This past week, I crocheted a new baboon. This time, I used very coarse wool, produced by Bedouin women in the Negev Desert. Traditionally, the wool is used for rug weaving, but I decided to give it a try in crocheting.
It has many advantages, since it is very strong and stable, and in the sculptural crochet technique I use, it easily holds a 3D shape, even on a larger scale. This wool is thicker than the other types of yarn I usually work with, so I get the large shapes much more quickly as well, and most of all – I like this wool's crude appearance.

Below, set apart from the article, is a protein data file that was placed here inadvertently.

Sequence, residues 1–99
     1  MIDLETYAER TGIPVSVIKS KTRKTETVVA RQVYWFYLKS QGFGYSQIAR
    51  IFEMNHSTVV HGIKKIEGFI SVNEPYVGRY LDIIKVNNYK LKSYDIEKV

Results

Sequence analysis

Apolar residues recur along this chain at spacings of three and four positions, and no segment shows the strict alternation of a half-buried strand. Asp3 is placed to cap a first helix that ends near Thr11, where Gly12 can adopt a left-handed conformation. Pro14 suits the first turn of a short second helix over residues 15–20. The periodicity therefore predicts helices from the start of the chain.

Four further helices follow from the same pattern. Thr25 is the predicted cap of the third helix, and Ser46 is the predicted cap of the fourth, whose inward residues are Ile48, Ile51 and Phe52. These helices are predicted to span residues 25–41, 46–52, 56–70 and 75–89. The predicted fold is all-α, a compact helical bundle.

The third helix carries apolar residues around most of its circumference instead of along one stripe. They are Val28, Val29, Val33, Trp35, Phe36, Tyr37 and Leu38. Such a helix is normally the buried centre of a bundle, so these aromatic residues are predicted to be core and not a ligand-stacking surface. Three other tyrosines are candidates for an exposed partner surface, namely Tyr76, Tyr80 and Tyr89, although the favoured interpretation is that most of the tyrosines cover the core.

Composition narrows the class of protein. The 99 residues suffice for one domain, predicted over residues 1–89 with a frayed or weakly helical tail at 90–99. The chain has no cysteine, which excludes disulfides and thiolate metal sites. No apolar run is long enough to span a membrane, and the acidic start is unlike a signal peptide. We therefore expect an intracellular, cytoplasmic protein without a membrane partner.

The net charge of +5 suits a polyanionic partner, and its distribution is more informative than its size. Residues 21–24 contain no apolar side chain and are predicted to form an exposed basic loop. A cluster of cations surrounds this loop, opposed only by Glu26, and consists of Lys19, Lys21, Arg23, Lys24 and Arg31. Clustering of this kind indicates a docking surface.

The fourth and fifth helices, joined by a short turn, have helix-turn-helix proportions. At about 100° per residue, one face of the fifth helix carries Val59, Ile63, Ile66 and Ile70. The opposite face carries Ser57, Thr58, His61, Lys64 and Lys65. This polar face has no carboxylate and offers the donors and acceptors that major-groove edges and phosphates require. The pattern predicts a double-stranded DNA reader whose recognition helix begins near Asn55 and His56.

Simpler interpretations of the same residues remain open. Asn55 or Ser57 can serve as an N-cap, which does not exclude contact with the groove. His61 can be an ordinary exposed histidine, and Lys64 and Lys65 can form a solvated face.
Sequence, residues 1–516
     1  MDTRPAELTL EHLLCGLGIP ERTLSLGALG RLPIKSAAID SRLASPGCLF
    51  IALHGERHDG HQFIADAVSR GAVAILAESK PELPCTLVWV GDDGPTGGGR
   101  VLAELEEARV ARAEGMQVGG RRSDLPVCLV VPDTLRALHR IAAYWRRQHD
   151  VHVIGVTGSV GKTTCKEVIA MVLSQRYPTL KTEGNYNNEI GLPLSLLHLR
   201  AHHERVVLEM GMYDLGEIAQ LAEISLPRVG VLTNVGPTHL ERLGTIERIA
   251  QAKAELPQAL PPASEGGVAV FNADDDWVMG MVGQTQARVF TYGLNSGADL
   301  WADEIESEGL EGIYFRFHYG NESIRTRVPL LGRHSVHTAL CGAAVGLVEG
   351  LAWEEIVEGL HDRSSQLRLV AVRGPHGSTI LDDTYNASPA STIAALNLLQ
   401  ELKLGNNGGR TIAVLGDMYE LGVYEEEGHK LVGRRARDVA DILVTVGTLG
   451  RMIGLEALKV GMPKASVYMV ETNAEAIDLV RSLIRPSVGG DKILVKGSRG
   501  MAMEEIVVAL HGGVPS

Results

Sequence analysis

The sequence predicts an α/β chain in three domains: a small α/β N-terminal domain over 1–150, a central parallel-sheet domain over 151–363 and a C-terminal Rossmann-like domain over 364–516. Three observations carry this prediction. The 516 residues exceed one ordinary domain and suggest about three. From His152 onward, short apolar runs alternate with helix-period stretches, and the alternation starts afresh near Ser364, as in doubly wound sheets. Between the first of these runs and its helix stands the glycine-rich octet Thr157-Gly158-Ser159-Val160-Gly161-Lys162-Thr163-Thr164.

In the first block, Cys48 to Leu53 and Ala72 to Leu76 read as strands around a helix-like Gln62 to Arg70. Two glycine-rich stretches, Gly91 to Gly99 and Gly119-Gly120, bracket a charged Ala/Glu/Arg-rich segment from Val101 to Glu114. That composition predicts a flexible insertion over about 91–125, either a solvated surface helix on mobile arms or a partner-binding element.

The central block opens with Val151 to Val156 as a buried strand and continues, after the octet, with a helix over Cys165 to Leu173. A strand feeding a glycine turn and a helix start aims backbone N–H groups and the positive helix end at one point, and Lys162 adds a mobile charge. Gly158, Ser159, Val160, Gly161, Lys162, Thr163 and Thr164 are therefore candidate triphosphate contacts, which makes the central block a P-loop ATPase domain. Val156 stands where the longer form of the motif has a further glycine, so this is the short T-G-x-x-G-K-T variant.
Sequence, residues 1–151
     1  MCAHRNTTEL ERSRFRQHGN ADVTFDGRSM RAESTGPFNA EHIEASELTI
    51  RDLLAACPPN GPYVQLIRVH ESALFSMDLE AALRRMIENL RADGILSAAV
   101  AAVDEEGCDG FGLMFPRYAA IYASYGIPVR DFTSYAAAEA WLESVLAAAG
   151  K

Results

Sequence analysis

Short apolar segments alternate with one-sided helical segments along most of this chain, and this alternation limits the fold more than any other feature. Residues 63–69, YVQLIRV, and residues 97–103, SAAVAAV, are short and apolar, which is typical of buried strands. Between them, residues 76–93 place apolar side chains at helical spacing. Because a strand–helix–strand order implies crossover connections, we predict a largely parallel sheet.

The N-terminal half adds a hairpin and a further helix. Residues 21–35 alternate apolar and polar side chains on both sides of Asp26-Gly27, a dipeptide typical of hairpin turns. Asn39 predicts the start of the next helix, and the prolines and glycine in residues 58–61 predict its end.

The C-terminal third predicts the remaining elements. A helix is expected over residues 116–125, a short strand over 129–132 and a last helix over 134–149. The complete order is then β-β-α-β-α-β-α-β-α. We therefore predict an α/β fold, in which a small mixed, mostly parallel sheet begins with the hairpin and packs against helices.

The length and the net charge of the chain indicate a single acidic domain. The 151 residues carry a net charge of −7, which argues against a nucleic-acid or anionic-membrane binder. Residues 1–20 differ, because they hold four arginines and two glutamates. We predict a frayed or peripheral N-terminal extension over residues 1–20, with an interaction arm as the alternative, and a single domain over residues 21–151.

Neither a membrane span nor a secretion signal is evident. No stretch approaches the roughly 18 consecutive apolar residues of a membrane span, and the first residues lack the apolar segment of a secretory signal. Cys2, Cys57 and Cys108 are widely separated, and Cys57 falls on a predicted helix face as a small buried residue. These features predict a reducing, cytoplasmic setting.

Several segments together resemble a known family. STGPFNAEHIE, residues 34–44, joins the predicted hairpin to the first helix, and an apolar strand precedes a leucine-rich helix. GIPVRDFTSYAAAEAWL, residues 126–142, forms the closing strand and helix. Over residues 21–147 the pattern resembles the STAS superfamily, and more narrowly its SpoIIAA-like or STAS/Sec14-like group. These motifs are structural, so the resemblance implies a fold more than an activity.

There is one major disadvantage to using it in crochet work: It is thick and stiff, so it requires much more effort of the hand muscles, which causes some pain. It became much more difficult when I had to crochet the smaller parts, such as the fingers, and I had to take increasingly longer breaks between crocheting each finger.As I was eager to get on with the work and see my baboon fighting the tigers, I was looking for an immediate solution, and it was right in front of me – I always have some discarded fabric bands on my desk, which I use in my wrapping technique, so I just wrapped the crochet hook until it was so thick that I didn't have to bend my hand while holding it. I can't say that it solved all the problems, but it was much more comfortable to crochet that way.